Hey there! It’s good to see you here. My name is Lizzie, and I am the redhead who is always wondering! Wondering about life, about this beautiful world, about words and light and colour and form. And mostly about how I can be the best me that I can possibly be.
I am a creator of hand bound books and of art, in the form of cyanotypes and photographs. I am also an avid journal-keeper and I’d like to share some of my journal wonderings with you today ….
“We are the seeds of our ancestors’ dreams”Climbing PoeTree
I’ve taken part in a few workshops run by Ali Mapletoft, who is a creativity, mindset and messaging coach, and she has taught me such a lot … about embracing my creative self, about telling my story, about getting my message out there.
She’s given me so many insightful questions to ask myself, and she’s given me so much food for thought over the last year.
In the first workshop I did with her, she talked about “honouring our ancestors and antecedents”.
I love the idea that we honour our ancestors by LIVING OUR CREATIVE DREAM and by celebrating the women who came before us. Ali said, and I agree with her, that when we step into our creativity, we are “living their wildest dreams“.
I’d like to share something deeply personal to me … I would like to tell you about my mum and I would like to celebrate her.
My Mum … The Liz Claiborne of West Lothian!
My mum was the most incredible dressmaker. She was entirely self-taught, starting out on an old Singer treadle machine, making clothes for me and my brother when we were children.
She went on to be the go-to dressmaker in our town, making literally hundreds of wedding gowns, bridesmaid dresses, and full trousseaux! (Not to mention hundreds and hundreds of fairy dresses and flower girl dresses for the Armadale Gala Days over the years!)
She probably also did alterations to the clothes of just about everyone in the town in a sewing career that lasted over 60 years.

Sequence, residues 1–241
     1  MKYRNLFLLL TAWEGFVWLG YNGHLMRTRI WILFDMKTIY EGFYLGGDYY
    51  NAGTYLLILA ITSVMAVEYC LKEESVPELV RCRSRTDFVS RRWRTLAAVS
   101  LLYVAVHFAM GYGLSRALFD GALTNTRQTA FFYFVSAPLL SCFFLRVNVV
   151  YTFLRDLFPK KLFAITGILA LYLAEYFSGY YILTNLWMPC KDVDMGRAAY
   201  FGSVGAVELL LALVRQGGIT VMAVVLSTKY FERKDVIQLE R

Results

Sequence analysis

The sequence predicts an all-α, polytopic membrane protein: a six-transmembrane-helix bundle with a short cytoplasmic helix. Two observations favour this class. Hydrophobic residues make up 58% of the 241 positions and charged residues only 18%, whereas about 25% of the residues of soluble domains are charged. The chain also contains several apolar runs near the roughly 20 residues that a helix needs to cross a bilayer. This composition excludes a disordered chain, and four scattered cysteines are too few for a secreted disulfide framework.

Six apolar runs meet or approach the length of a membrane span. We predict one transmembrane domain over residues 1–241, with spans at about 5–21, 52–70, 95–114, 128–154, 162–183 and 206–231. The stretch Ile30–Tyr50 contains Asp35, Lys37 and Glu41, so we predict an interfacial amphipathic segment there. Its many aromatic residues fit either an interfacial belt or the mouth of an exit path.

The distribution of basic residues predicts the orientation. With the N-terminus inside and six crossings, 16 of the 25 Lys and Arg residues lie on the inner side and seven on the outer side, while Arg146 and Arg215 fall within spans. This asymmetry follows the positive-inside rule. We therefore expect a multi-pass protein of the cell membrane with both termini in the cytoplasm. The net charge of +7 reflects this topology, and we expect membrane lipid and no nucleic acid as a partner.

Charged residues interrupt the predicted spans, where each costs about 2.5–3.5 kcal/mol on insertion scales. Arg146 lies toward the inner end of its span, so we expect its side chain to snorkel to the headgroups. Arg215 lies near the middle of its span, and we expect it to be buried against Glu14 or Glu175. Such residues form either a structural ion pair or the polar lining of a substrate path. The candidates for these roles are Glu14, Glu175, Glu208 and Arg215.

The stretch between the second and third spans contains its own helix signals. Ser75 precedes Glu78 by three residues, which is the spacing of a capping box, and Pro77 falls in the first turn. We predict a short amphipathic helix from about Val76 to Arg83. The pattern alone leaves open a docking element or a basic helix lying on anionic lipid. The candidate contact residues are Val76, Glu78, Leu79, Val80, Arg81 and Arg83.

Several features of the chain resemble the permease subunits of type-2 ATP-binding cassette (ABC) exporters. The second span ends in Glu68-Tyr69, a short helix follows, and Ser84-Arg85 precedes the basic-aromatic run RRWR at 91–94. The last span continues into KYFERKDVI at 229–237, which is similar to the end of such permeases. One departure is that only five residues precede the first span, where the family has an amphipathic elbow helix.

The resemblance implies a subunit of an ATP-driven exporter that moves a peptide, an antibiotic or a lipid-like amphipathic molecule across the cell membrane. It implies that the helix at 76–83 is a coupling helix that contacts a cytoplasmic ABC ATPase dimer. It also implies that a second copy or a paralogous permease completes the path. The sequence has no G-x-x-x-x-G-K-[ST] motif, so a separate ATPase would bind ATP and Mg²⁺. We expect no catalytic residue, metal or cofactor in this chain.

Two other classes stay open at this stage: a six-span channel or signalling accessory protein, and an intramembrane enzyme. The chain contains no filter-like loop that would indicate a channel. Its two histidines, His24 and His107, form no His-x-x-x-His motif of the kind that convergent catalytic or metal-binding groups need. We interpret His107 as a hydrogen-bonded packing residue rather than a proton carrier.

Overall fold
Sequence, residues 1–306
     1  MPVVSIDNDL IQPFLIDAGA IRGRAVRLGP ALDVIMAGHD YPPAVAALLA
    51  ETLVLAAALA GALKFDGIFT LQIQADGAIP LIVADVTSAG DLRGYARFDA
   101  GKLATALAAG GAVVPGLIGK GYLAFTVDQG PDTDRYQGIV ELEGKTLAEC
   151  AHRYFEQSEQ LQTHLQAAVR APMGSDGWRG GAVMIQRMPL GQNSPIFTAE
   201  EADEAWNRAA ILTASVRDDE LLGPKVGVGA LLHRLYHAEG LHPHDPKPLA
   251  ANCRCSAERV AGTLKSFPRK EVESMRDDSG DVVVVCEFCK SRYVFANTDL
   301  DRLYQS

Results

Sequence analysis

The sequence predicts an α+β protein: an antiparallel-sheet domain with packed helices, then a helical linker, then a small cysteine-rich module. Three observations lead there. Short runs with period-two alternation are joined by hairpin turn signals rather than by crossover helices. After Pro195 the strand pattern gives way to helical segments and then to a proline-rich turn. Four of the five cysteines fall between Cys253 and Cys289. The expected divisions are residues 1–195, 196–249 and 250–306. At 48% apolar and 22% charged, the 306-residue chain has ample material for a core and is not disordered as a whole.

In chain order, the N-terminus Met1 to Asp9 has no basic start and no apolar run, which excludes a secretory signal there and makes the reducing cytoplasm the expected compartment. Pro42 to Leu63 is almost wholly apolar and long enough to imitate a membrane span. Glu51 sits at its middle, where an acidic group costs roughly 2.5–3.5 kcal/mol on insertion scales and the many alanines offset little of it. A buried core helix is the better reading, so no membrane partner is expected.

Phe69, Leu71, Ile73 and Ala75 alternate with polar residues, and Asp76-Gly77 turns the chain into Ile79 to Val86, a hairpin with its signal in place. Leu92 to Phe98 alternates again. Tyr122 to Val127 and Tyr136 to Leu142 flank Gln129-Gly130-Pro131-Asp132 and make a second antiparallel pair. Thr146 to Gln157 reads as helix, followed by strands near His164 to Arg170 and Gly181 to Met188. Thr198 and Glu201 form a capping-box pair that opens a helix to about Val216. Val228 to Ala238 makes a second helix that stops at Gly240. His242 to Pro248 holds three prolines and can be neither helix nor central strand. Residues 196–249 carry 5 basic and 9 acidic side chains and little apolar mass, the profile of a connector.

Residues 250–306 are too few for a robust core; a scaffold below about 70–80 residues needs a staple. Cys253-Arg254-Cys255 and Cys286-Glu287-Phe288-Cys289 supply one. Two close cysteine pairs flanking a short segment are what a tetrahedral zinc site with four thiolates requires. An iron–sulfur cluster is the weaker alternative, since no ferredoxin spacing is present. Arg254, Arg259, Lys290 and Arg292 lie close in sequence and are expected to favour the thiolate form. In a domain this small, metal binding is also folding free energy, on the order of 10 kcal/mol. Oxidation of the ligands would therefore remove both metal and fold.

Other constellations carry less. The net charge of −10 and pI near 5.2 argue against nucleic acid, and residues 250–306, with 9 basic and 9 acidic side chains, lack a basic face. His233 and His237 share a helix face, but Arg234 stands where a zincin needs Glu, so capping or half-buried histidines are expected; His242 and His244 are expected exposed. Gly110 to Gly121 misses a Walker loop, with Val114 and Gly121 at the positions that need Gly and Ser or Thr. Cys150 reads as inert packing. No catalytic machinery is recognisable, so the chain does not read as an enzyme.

My mum, Maureen, was extremely talented. Not only was she an excellent seamstress, but she would also almost always design the dresses herself … she had this huge box of sewing patterns, but she’d never just follow a pattern, it would be all … “I think you should have this neckline, that sleeve, this skirt” … she would advise on fabric and fit, and she was always spot on with what would suit the bride-to-be (or the fairy, for that matter!).
In a different age, in a different life, I really believe that she could have been a great designer.
She loved a dinner dance, my mum, and she’d make her own dresses. I’d say that she probably made the clothes she’s wearing in the other shot too!!
So, in this blog, I want to celebrate my mum and her gifts and her artistry.
The Folly of Youth (and, oh, what a fool I was!)
I am ashamed to say that as a girl, I didn’t appreciate just how amazing she was, and in fact, whenever she wanted to make me things, I balked at the idea of wearing “home-made clothes”. I know … what a fool I was!!
In my defence, you must understand that I was already very different from all the girls I went to school with. We lived in a caravan and not a house, like “normal” people. The idea of the home-made clothes was too much to bear.
Until, that is, the day that I was chosen to be a Flower Girl in the Armadale Gala Day. For those of you not familiar with the tradition, let me explain. As the National Museums Scotland says …
“For communities across Scotland, one of the highlights of the year is the annual ‘Gala day’, where a Queen and, sometimes, a King are crowned. From the old coal mining communities of Midlothian to the oil shale towns and villages of West Lothian, to coastal fishing communities, a royal coronation ceremony is the norm.”
Now, my mum had made hundreds and hundreds of fairy and flower girl dresses for the Armadale Gala Days over the years, not to mention quite a few of the Queens’ gowns, and they were always beautiful and much sought after, so I knew that I would have the best dress there.
Me and my best friend, Margaret, were both chosen as Flower Girls.
My mum made both of our dresses. Margaret’s mum chose Crimplene for her dress … poor Margaret … was there ever a material more disgusting than Crimplene?!
My mum did her best!
Mum let me choose the fabric, a beautiful pale blue with a border of flowers around the bottom. She designed the dress herself, and I have to say that I really was the prettiest flower girl of all! I think I even outshone the Flower Queen!!
Everyone who knew my mum knew that she was an extremely talented dressmaker.
What few people knew though, was that she was also a brilliant knitter. She’d make us these amazing Arran jumpers every year. My dad and my brother would have matching ones, me and mum would have matching ones. Seriously, we had tons of those jumpers.